Like Scavengers Reign? Here’s some of the show’s influences to explore

Scavengers Reign is an animated sci-fi show like no other. Where so many sci-fi shows are drilling down into characters through bits and multiversal hijinks, Scavengers Reign moves with gradual ferocity, constantly pulling back to remind us these characters are just one small speck in the wider, weird world of Vesta — a singular world they are decidedly stuck in. The flora and fauna of the alien planet are at once indifferent to their presence and a constant threat, always squelching and globbing and growing around them with untamed abandon.

That neat and fearsome world, for all its distinctiveness, does evoke other works. As co-creator Joe Bennett tells Polygon, the goal was always to not mirror those influences so much as let them inform something weird and new. “[They] were almost kind of subconscious,” Bennett says. “You’re going to be influenced by it no matter what, so we try to make a conscious effort to [separate] — we’ve been drawing like that our whole lives.”

Still, the names he cites are a great place to head if you’re eager for a season 2 of Scavengers Reign and itching for more like it. Here are some other works Bennett said provided some fodder for the look and feel of Scavengers Reign.

Hayao Miyazaki

An anime girl wearing war paint and a fur hat rides atop a gigantic wolf creature while holding a spear. Image: Studio Ghibli/GKIDS

It’s no surprise that the GOAT, Hayao Miyazaki, is someone Bennett says inspired the vibes of Scavengers Reign. The anime legend has long woven themes of environmentalism into his work, and, like some of the aliens on Vesta, isn’t always so fond of humanity. Miyazaki’s landscapes background his stories — shifting and breathing with a heartbeat of their own, chock-full of vivid colors and whimsical details — and seem totally in keeping with the feel of the series.

Still, it’s the way Scavengers Reign challenges us to rethink our relationship with nature as something beyond a friend-or-adversary binary that feels the most relevant to Miyazaki’s influence on the show. Movies like Nausicaä or Princess Mononoke encourage the same impulse that Scavengers does, asking the viewer to understand themselves as just one small part of the larger ecosystem around them. —Zosha Millman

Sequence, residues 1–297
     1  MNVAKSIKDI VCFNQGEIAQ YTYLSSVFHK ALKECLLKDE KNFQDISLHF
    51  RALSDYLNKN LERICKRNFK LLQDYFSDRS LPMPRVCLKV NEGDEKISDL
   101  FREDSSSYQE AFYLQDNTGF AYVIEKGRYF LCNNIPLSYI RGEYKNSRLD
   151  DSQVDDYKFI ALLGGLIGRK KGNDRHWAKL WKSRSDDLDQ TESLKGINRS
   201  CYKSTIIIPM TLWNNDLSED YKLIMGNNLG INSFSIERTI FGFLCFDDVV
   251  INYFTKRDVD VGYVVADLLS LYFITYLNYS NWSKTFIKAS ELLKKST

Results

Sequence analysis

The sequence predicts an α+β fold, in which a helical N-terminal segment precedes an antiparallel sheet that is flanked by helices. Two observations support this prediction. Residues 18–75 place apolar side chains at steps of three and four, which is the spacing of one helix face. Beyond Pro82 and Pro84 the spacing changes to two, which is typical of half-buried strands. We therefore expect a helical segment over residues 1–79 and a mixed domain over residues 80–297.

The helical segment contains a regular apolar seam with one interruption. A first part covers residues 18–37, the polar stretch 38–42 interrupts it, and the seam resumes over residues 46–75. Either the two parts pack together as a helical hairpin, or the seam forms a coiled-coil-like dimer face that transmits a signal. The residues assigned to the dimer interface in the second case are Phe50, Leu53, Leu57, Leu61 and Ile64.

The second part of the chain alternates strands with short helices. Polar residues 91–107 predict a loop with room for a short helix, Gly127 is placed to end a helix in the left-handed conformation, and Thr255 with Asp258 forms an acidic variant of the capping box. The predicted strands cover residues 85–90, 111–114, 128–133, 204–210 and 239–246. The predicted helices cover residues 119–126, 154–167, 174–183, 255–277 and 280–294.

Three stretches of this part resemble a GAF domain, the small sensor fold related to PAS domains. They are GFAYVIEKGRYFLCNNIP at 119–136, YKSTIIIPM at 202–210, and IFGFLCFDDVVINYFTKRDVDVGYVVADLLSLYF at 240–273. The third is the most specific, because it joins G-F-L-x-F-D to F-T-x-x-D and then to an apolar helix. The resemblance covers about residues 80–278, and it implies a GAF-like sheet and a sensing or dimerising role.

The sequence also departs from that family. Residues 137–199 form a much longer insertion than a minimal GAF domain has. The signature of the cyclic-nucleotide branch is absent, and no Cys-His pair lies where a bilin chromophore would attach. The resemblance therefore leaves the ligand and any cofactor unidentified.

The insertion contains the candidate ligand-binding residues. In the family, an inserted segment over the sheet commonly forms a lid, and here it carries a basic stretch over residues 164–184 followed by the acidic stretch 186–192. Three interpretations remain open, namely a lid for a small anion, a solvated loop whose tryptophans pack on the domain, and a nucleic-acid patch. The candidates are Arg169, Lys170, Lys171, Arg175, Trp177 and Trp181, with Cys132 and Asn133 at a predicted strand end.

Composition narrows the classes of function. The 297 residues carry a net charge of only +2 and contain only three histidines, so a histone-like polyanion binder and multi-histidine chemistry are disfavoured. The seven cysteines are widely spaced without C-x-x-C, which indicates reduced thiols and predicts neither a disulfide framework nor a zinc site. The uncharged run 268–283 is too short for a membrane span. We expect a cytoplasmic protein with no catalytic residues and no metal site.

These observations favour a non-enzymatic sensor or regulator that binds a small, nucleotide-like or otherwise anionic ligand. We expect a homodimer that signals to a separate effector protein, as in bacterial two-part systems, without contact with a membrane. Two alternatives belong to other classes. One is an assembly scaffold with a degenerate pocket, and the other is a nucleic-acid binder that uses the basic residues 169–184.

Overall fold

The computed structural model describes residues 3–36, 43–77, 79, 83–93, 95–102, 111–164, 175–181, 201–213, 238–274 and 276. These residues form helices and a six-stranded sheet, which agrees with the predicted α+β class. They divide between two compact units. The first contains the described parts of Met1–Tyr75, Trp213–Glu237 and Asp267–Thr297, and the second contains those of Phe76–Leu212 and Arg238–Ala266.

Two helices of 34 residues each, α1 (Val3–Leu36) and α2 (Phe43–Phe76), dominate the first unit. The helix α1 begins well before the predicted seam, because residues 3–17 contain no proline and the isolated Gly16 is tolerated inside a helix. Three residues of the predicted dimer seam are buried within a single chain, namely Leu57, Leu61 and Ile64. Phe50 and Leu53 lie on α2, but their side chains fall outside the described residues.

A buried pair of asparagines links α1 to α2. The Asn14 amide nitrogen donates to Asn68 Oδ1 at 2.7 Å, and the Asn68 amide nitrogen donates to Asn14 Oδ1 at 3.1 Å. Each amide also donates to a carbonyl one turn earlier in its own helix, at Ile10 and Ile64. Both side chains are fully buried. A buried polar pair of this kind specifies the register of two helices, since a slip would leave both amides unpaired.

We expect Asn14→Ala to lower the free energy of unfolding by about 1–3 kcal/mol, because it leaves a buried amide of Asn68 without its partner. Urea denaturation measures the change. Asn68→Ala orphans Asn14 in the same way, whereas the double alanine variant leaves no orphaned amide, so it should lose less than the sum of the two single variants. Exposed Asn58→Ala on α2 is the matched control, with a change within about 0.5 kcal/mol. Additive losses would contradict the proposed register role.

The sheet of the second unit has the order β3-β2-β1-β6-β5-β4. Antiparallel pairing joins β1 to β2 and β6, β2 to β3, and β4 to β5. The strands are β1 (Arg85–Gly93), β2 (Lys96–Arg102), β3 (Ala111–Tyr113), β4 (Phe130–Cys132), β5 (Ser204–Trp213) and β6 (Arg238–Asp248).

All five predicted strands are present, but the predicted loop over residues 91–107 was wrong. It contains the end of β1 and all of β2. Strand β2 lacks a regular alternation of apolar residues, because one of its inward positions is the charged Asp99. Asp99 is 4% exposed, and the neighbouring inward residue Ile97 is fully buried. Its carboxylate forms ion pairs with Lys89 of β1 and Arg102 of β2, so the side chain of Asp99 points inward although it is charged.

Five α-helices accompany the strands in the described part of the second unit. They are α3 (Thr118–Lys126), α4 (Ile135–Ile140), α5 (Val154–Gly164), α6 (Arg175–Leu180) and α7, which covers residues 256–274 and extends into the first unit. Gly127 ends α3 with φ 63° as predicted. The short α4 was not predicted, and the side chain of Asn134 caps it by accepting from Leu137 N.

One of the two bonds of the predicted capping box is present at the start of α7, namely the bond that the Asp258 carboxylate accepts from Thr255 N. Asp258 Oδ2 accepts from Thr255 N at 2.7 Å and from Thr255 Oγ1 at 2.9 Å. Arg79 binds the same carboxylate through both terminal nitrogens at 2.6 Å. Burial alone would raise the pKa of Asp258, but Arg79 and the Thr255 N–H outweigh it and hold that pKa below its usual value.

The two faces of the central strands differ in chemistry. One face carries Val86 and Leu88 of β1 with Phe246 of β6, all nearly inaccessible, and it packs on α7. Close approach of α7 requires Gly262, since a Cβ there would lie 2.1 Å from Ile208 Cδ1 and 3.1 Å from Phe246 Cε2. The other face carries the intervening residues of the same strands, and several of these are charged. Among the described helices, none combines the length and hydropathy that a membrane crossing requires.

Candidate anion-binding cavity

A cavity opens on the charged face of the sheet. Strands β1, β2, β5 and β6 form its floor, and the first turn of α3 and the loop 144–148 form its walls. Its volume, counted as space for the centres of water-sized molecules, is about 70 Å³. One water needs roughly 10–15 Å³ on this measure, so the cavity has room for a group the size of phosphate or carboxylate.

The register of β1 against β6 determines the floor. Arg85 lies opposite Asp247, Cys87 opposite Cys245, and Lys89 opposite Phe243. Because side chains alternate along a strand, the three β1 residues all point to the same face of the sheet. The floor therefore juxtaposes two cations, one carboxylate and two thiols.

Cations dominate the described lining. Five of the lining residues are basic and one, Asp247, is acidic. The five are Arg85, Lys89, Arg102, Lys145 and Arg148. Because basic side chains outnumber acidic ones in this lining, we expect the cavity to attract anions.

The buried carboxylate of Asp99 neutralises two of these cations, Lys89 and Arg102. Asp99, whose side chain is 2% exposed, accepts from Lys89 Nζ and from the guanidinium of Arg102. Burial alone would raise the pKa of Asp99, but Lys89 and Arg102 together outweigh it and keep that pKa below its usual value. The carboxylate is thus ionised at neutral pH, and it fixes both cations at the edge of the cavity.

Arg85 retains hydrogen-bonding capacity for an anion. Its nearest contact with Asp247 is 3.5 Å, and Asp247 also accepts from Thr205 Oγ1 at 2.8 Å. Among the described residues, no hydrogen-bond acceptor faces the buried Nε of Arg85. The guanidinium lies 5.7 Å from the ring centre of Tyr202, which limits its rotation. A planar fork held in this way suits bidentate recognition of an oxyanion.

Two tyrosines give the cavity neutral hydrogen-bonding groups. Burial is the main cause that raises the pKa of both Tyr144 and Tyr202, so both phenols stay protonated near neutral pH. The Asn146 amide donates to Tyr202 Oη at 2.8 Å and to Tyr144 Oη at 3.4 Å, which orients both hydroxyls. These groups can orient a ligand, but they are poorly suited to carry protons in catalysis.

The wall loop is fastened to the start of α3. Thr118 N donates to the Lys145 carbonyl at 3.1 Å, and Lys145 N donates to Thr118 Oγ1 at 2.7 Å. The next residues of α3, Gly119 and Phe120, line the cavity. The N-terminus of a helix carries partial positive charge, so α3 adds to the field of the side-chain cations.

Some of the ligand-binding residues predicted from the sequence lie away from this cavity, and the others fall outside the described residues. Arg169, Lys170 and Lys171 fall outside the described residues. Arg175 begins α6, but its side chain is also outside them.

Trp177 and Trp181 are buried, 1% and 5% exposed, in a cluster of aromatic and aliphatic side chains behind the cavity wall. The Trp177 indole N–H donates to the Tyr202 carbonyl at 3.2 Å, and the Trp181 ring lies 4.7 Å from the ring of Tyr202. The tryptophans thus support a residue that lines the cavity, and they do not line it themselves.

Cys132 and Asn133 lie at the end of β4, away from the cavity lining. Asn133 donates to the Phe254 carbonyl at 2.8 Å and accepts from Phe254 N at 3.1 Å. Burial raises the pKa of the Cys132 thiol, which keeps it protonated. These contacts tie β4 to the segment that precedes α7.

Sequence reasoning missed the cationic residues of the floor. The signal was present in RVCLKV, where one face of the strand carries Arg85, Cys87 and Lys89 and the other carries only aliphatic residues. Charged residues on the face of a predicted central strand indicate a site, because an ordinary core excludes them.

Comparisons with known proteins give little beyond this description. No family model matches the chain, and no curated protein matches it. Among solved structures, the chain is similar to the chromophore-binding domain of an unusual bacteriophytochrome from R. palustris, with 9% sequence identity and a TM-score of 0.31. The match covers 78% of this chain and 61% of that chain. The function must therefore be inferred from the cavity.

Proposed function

Jean Giraud posing in his studio Photo: Herve Bruhat/Gamma-Rapho via Getty Images

The works of French comics artist Jean Giraud are imaginative and expansive, and quite often surreal. Like Scavengers Reign, his fantastical worlds volley between high levels of minute detail and gloriously vast big pictures. If you’re not familiar with his comics work — like Blueberry, Mœbius, or Arzach — you might still have encountered his work in other ways: He contributed storyboards and concept designs for films like Alien, Tron, and The Fifth Element. Meanwhile, Ridley Scott called him a key influence on the look of Blade Runner, while Miyazaki (a good friend of Giraud’s) was sad he encountered Azrach after already developing his own style, so he couldn’t use Giraud’s influence to enrich his work more. (Still, he adds: “Even today, I think it has an awesome sense of space. I directed Nausicaä under Mœbius’ influence.”) —ZM

Satoshi Kon

Paprika falling through the sky Image: Madhouse